Some healthcare associations—eager to ramp up one of their most important revenue streams—are bringing back in-person events this summer.
Trade groups that support healthcare providers pivoted to virtual events when the pandemic struck, but quickly learned they make far less money that way. Now that COVID vaccines are gaining momentum, some groups are betting their members will want to get together in person—with masks and plenty of space—as early as June.
The Federation of American Hospitals, a trade group that represents for-profit hospitals, expects roughly 800 people to attend its conference June 6 to 8 at the Gaylord Opryland Resort & Convention Center in Nashville, where some of its largest members are headquartered.
"There's just been such support and anxiousness to get everyone together who comes to this meeting," said Chip Kahn, FAH's CEO.
The FAH's conference is bigger and happening sooner than most other associations' events, said Krista LeZotte, senior director of meeting operations & engagement with the American Society of Association Executives.
"I know there are some outliers out there who are having some bigger meetings," she said, "but I think the majority of folks are holding out for late summer, early fall to really dive into any in-person meetings."
The Healthcare Financial Management Association went the opposite route of FAH, postponing until November its annual conference that had been scheduled for late June. HFMA also moved the event from Boston to Minneapolis.
The big unanswered question is whether associations will require proof of COVID-19 vaccinations or negative test results to enter events. Most haven't decided.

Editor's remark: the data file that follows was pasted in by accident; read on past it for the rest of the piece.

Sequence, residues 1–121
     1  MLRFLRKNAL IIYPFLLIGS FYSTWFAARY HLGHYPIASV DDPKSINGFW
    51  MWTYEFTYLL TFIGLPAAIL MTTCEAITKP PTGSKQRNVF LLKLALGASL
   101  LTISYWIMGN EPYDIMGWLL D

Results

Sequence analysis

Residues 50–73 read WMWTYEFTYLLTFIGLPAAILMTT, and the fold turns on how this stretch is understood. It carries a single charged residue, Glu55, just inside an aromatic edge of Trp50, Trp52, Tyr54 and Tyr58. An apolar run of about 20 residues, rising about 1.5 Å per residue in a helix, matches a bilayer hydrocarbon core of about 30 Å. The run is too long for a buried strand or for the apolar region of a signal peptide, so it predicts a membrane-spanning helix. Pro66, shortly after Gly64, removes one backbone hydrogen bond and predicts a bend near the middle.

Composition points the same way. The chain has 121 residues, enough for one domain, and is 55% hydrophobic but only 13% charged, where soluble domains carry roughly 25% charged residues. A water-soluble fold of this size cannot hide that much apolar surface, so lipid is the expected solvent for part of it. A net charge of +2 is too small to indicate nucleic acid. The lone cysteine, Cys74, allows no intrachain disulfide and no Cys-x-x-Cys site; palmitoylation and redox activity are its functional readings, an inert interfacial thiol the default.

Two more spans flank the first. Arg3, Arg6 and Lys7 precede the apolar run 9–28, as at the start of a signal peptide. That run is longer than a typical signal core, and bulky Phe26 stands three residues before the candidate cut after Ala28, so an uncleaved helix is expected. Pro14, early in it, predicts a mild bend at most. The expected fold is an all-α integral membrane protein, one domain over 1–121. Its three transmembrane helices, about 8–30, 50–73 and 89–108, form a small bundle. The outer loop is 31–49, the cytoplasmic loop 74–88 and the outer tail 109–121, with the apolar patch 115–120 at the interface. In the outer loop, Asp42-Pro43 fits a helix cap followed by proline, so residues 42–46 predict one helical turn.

Modern Healthcare will be hosting its annual invite-only gathering of top executives on Sept 28 & 29 in person in Scottsdale. The Best Places gala in the fall may also be in person.
The Healthcare Information and Management Systems Society—better known as HIMSS and also usually among the largest such gatherings—has not yet released safety plans for its annual trade show in August in Las Vegas. HIMSS, which declined to comment, found itself in hot water last March for refusing to offer refunds after canceling the event days before it was slated to begin. This year, cancellations are refundable—minus $100—until June 14.
FAH won't require COVID-19 vaccinations or test results for its Nashville event, although safety protocols will include masks at all times, temperature checks and six feet of distance between attendees, Kahn said. Attendance at the event will also be smaller than prior years, which previously saw up to 1,400 people, he said.
The Medical Group Management Association hasn't decided whether it'll require people at its in-person conference in San Diego in November to provide proof of vaccination or test results, said Andrew Swanson, MGMA's vice president of industry insights. A complicating factor is that any requirements made of attendees also must be made of event staff, which includes food service workers, hoteliers, airline staff and Uber drivers, Swanson said.
"It's as much about the labor who helps put on these events as it is the attendees themselves," he said.
HFMA also hasn't decided whether it'll require vaccinations or test results at its November event, Katie Gilfillan, the group's director of professional practice and clinical relationships, wrote in an email. She said the organization is soliciting member feedback on safety protocols.
The ASAE's LeZotte said associations ought to check with their legal teams on what they can and cannot require. Rules in specific states and venues matter, too. Some associations are having attendees sign liability waivers that they don't have fevers and won't hold the event hosts liable if they get sick, she said.
"It's interesting territory for everybody to navigate," she said.